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CTE Strong: Reimagining CTE After a Pandemic Year

Friday, May 28, 2021

This article was excerpted with permission from ACTE’s High-Quality CTE During COVID: Challenges and Innovation.

As COVID-19 enters a new phase, it is leaving a changed landscape that has presented major challenges but also opportunities for innovation in CTE. CTE professionals can harness the disruption that COVID-19 caused, and the lessons learned from the past year, to reimagine how CTE serves learners. Emerging from the pandemic with stronger CTE programs will require the input of multiple stakeholders and systems working together — coordination across education, workforce development, and employer communities will be critical moving forward. Here are steps you can take to adjust to the new CTE landscape.

Reassess labor market alignment

  • Consult with employer and workforce partners on the most immediate, pressing labor market changes that resulted from the pandemic as well as potential mid- and long-term changes in occupations and skill needs.
  • Lay the groundwork for the next comprehensive local needs assessment update required under Perkins V, which will be due in 2022. Focus your assessment on changes resulting from COVID-19 in the local and regional workforce and on pandemic-related challenges in access, equity, and program delivery.
  • Begin making changes to your CTE career pathway offerings to reflect new information, taking care to exercise caution while the post-pandemic economy is still evolving.
  • Continue to build relationships across stakeholders to create a more coordinated system of career preparation and talent pipeline development in your region.

Prepare students for the emerging workforce

  • Continue to incorporate opportunities to accelerate progress — through dual credit and work-based learning — as well as opportunities for meaningful industry-recognized credentials into CTE programs. These can help students complete programs with valuable credentials, enter the workforce more quickly, earn more, and save time and money.
  • Continue to grow “learn-and-earn” opportunities like youth apprenticeships that help learners start careers.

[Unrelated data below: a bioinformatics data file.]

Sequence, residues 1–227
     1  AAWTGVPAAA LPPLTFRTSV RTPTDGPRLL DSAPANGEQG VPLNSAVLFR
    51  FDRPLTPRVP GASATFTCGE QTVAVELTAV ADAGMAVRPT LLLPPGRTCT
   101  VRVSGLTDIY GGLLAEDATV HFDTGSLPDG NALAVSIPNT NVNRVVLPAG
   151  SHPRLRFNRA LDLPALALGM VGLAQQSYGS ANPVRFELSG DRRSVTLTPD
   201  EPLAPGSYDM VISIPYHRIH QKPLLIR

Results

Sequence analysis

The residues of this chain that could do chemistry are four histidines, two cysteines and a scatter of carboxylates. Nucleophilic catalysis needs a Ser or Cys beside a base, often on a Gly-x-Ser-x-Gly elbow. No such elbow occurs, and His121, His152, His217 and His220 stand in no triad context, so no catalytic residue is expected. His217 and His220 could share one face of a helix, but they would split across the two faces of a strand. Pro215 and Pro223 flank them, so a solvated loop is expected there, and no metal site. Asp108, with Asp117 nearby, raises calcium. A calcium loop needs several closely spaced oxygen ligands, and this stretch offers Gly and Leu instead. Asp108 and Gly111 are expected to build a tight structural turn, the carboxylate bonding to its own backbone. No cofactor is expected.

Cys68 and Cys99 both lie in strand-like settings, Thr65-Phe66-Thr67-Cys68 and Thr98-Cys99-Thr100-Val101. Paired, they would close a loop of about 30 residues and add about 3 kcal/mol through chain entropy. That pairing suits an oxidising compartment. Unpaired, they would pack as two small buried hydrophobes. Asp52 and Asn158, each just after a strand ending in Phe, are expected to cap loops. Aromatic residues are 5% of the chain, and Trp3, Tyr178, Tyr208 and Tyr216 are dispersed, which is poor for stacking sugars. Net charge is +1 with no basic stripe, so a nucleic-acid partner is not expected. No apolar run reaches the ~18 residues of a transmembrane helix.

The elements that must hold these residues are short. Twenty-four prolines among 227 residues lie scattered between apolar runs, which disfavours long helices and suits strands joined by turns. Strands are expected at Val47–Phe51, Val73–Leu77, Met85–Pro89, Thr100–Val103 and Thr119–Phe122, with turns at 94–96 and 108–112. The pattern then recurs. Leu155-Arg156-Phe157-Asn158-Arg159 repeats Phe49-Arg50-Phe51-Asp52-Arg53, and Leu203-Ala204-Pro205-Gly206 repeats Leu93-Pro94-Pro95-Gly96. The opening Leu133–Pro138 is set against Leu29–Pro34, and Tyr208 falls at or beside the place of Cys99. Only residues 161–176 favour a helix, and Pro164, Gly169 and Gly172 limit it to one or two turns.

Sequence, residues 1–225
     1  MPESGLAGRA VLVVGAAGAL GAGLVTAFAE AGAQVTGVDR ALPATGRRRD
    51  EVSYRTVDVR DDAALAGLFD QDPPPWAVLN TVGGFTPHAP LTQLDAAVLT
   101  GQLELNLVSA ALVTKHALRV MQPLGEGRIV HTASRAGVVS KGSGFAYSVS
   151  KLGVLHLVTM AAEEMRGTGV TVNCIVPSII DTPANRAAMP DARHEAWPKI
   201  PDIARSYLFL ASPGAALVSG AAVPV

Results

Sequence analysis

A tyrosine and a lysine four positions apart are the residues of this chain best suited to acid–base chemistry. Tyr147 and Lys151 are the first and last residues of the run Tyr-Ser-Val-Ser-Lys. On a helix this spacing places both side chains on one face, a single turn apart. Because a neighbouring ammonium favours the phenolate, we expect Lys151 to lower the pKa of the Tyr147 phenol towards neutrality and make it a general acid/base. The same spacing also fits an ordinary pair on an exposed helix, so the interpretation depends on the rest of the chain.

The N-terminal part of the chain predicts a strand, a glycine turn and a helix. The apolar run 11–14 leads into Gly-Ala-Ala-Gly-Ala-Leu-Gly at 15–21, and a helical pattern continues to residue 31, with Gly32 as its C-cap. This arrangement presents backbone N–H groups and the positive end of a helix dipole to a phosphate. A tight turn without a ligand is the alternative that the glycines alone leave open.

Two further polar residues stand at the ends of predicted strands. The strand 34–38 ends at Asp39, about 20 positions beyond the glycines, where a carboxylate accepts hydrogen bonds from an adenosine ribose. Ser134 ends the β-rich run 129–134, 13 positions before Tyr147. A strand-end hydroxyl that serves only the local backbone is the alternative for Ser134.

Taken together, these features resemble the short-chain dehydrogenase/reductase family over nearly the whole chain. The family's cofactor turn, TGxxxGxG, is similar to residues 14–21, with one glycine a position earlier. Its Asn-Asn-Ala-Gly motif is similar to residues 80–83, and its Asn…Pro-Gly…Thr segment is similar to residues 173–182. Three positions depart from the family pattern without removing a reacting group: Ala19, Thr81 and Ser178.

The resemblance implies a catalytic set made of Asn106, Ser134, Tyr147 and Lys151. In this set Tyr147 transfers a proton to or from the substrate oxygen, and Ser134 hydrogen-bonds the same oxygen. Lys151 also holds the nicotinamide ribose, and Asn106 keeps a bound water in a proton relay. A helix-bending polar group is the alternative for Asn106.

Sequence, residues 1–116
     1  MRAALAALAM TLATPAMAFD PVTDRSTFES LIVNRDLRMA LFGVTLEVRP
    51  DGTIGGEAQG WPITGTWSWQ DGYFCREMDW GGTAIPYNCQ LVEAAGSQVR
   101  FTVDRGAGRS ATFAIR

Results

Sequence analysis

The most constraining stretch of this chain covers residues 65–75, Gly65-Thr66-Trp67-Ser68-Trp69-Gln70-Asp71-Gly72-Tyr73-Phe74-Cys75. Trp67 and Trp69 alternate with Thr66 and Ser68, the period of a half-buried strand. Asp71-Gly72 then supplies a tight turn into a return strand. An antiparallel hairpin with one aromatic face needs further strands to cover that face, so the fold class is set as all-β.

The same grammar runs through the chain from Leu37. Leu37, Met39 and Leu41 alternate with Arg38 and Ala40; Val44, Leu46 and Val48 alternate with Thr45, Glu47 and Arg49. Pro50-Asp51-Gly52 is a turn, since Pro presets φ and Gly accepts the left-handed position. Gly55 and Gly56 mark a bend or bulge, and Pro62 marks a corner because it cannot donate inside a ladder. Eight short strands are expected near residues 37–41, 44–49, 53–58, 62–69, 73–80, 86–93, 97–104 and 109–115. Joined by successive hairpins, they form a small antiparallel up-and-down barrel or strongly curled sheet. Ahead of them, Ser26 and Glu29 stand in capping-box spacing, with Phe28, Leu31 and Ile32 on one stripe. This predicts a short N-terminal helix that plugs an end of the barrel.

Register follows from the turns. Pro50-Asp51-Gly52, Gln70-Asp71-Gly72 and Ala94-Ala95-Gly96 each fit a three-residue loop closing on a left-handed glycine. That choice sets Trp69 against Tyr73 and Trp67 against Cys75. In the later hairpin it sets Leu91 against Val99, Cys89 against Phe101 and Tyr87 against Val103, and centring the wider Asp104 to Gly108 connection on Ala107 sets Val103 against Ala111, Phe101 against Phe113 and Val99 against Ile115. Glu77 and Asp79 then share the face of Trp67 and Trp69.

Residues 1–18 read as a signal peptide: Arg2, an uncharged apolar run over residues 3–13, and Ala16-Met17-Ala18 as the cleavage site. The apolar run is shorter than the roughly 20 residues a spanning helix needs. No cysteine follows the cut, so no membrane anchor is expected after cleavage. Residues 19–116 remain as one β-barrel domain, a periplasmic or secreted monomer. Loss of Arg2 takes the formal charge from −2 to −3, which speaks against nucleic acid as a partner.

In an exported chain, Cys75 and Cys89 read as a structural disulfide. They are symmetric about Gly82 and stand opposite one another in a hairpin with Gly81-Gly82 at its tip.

• Integrate employability skills needed in the post-pandemic workforce throughout CTE programs, including the ability to communicate and collaborate remotely, which will likely continue to be a feature of many workplaces even after COVID-19.
  • Develop outreach and messaging strategies that clearly and transparently communicate the benefits of CTE programs to prospective learners and their families.

Commit to equity

  • Analyze your local CTE data from the 2020-21 school year for access gaps. Focus upcoming student recruitment and career exploration activities on students who are underrepresented in high-wage, high-skill, and in-demand program areas.
  • Expand elementary and middle school career exploration opportunities using a mix of in-person, remote, and blended tools and activities that support learning about self, learning about careers, and engaging with employers. Focus efforts in locations and programs that have had to cancel activities over the past year to ensure those students do not miss out on critical opportunities for career development.
  • Analyze your local CTE data from the 2020-21 school year for learning losses and persistence and success gaps. Focus student supports, such as mentoring, coaching, and bridge programs, on helping students who have experienced the most learning loss or disengaged from learning to re-engage and complete their CTE programs or graduate.
  • Work across institutions, learner levels, and systems to coordinate and centralize wrap-around supports that help meet learners’ pre-existing and pandemic-related educational, career, social and emotional, and tangible needs. Use multiple modes of communication and interaction to engage students, families, and caregivers in education and career planning.
  • Continue to incorporate Universal Design for Learning, accessibility standards, social and emotional learning, and trauma-informed practices into curriculum and lesson development to address the needs of underserved and special populations.

Embrace innovative tools and delivery models

  • Evaluate the technology-based tools and instructional strategies that were successful this year and think through how they can be integrated into CTE programs even after in-person instruction resumes without pandemic limitations.
  • Evaluate delivery models in light of knowledge gained during the pandemic to determine the content and experiences that can continue to be offered remotely and the content and experiences that must be offered in person.
  • Collaborate across secondary and postsecondary levels and with employer partners to integrate technology-based tools, related instructional strategies and diverse delivery models in ways that are appropriate for each CTE program area and learner level.
  • Continue to encourage self-directed learning, which many students gained skills and experience with this year. Consider models in which students complete knowledge-based modules at their own pace, and schedule time in a stationary or mobile lab for hands-on practice or use classroom time for more collaborative work.
  • Continue to strategically invest in diverse delivery methods for hands-on learning, performance assessment, and career exploration, such as video, virtual and augmented reality, and mobile labs.
  • Continue to develop diverse strategies for industry engagement and work-based learning that provide more access points for students to experience the world of work and more options for employers to engage with learners.

To find additional recommendations on how to develop and support CTE professionals and how to advocate for CTE, please see the full document: High Quality CTE During COVID: Challenges and Innovations.

Photo by Dimitry Anikin on Unsplash